by Aimee Levitt
Can we just agree that Hanukkah food kicks all sorts of ass over Hanukkah music?
Yes, yes, yes, there's "The Hanukkah Song." Let me tell you about "The Hanukkah Song." It's the Hanukkah version of "Grandma Got Run Over by a Reindeer": amusing the first time you hear it, exponentially more annoying every time thereafter.
The song that probably best expresses the American Jewish experience in December is "A Jew on Christmas" from South Park. Except for one thing: There's absolutely nothing wrong with eating latkes. Latkes -- the Yiddish term for potato pancakes -- are awesome!
The wonderful thing about Hanukkah is that since it celebrates how a tiny vial of oil miraculously lasted eight days (after an equally miraculous defeat of the Syrian Greek army by a ragtag bunch of Jewish guerrillas), it offers a built-in excuse to eat oil. Or, rather, since oil doesn't taste that good on its own, foods fried in oil.
Think about it: an entire eight-day-long holiday devoted to the consumption of fried food! (Well, OK, and exchanging presents and lighting an eight-branched candelabra and playing a ridiculously boring gambling game with a spinning top called a dreidel.) What could be any better than that?
Nonetheless, every year somebody tries to reinvent Hanukkah music or write a new classic Hanukkah song or something.
Last year Orrin Hatch did the honors. This year a music writer named Marc Weidenbaum asked some of his DJ friends to do remixes of Hebrew and Yiddish Hanukkah classics and compiled the results into an album called Anander Mol, Anander Veig, available for download at Tablet Magazine.
The last time I heard most of the songs on Anander Mol, Anander Veig (which translates from Yiddish as "another time, another way"; sadly, there's no Yiddish word for "remix") was at Hebrew school during music class. It pleases me to announce that the remixes are better than the originals -- though it's really hard not to improve on 80 off-key sixth graders accompanied by a cranky accordion player -- and sometimes even unrecognizable.
That is a good thing.
Another good thing about Anander Mol, Anander Veig is that most of the songs are instrumentals, or whatever you call an electronic piece of music with no words. The problem with all those songs is that we learned the phonetically, in Hebrew, so our grasp on the lyrics was always uncertain, and for all we knew we could have been unwittingly singing obscene drinking songs for years and years and years. Obscene drinking songs are great and all, but it takes all the fun out of it if you think you're singing about children happily lighting menorahs and playing dreidel.
Anyway, aside from Paula Daunt's remix of "Sivivon Sov Sov Sov" (which I do happen to know means "Dreidel Spin Spin Spin," a shining example of how simple-minded and annoying most of these songs probably are -- and I only say "probably" because of the obscene-drinking-song thing), none of the songs have words. ocp's "Chanukah Chag Yafe" sounded a little too Mannheim Steamroller for my taste, but I was also scarred by working at a nature store the holiday season I was sixteen where they played new-age Christmas carols and whale songs constantly and now anything that sounds remotely like that sort of music makes me twitchy.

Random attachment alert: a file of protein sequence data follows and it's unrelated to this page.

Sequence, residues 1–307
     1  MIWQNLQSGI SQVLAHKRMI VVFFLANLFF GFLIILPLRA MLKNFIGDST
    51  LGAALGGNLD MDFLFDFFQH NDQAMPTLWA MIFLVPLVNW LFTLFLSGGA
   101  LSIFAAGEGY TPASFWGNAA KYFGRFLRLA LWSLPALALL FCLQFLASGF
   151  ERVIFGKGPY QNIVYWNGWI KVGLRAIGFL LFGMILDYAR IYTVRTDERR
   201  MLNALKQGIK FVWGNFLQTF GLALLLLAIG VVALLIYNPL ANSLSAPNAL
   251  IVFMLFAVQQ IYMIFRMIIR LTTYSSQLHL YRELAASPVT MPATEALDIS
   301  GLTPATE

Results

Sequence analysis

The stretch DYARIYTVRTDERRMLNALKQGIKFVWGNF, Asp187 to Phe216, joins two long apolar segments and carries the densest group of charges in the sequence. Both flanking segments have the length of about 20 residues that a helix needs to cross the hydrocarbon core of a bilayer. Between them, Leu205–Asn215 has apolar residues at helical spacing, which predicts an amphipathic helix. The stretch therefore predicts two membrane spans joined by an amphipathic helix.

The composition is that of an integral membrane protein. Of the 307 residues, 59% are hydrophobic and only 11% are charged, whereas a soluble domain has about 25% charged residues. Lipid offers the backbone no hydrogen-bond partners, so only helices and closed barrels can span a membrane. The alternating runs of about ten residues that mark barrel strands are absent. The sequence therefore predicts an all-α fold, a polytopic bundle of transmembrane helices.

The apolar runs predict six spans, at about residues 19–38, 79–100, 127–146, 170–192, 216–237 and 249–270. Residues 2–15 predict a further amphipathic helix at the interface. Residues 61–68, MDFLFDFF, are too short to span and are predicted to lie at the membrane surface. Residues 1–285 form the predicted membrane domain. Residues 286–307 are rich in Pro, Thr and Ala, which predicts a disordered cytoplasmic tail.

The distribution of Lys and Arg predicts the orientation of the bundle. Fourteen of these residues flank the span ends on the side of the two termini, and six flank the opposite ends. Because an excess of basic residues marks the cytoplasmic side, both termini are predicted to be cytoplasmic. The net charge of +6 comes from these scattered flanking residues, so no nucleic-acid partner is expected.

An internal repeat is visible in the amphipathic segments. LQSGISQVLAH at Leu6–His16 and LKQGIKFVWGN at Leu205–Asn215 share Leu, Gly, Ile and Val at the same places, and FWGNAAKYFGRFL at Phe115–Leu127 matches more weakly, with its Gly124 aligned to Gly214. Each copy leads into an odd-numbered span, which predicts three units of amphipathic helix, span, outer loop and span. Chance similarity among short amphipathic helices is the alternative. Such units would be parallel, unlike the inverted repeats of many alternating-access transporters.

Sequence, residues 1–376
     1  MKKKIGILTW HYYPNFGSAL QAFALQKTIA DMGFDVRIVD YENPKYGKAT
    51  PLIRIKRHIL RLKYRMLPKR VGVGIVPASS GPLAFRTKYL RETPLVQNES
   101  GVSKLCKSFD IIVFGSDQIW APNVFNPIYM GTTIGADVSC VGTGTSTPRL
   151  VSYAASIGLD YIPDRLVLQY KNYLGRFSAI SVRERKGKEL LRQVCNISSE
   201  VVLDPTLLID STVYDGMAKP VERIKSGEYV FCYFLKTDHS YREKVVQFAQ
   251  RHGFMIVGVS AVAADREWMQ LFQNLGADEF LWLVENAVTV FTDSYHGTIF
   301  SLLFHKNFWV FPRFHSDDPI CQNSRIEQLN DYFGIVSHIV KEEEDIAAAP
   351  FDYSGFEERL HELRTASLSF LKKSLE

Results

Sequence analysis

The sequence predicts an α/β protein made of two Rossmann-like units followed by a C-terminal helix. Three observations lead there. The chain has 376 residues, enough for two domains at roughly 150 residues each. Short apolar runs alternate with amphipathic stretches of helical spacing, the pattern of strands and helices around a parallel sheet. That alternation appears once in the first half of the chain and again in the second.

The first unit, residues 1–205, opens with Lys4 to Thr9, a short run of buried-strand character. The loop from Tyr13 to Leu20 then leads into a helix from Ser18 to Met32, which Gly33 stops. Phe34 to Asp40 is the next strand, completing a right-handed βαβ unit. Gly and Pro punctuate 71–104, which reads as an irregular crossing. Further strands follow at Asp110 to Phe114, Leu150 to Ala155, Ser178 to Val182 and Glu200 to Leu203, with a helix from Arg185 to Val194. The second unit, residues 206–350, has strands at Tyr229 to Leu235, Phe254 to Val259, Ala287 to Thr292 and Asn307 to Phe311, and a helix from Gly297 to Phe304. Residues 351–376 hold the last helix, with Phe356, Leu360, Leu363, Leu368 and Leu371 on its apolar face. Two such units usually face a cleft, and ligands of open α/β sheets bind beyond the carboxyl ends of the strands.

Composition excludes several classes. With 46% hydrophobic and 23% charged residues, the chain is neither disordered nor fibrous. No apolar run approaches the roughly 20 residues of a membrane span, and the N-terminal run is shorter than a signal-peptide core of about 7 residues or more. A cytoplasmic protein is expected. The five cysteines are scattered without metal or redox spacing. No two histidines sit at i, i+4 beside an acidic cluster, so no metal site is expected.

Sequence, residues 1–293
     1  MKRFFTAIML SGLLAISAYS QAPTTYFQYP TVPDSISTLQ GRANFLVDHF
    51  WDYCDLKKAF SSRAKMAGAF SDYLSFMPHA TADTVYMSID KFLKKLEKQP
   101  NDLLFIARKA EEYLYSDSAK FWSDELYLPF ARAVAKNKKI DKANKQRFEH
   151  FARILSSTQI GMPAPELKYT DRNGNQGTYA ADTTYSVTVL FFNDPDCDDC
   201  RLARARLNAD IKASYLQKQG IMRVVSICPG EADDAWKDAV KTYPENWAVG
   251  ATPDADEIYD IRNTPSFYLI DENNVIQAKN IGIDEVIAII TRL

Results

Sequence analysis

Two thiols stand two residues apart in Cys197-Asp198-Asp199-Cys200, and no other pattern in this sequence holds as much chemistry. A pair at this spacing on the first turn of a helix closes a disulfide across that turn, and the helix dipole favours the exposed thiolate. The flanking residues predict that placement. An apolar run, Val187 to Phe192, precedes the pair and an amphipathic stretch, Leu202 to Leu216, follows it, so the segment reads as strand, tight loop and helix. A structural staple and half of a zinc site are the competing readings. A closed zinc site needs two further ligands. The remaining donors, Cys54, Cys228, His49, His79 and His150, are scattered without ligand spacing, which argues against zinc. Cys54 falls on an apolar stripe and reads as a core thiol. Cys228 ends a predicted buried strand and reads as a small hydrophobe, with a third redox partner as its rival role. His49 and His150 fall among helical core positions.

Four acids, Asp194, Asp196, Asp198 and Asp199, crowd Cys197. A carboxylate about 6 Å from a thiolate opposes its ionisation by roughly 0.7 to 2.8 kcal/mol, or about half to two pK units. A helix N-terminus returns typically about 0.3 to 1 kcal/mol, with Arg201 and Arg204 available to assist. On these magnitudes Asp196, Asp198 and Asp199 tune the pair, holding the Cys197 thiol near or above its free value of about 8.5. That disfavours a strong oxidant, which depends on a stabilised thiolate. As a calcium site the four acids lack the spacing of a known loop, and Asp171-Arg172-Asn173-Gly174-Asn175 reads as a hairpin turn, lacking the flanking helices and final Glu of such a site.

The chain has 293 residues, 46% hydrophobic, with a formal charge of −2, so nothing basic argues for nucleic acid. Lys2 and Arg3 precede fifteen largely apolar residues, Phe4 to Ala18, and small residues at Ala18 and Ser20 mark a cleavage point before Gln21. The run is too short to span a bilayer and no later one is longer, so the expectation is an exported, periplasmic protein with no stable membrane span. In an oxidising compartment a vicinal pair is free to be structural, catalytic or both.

The best songs are the ones that sound most electronic. Electronica, it turns out, makes a really good background when you're frying things. It's pretty easy to get a good latke-flipping rhythm going if you've got a heavy beat in the background, like the ones that run through Diego Bernal's "Ose Shalom," Dance Robot Dance's "Thermoglyphics" (the album's one original composition, by the way, and thematically it kind of goes with hot oil) and xntrxx's "Die Goldene Chasene." This last, with its klezmer introduction, is by far the album's best blend of tradition and modernity, though Roddy Schrock's "Hava Negilah" did inspire me to lift up my spatula and do a little hora. (My kitchen is small.)
Anander Mol, Anander Veig is not a long album. I listened to it twice -- once while making latkes, once while making apple-cider doughnuts. It did not last long enough for me to finish either; though, to be fair, making doughnuts takes forever, especially when you're waiting for the oil (technically shortening, which makes for a less greasy doughnut) to heat up. It is -- though I admit my experience is somewhat limited -- the best Hanukkah cooking album you'll find this year. And it's free!
Now, about those apple-cider doughnuts:
The recipe came from Smitten Kitchen, where you can also find many recipes for latkes, potato and otherwise. Traditionally, Hanukkah doughnuts, called sufganiyot in Hebrew, are jelly- or custard-filled. But I suspect this is because they originated in Germany and the parts of Eastern Europe where Jews were allowed to live, and non-Jewish Germans, Poles, Russians, etc., also eat jelly and custard-filled doughnuts.
It's true we have those here in the Midwest, too, but in my humble opinion, the plain-old homely apple-cider doughnut trumps them all. Its main ingredient comes from fruit grown in our Missouri/Illinois soil. What could be more representative of the St. Louis Jew on Hanukkah than these?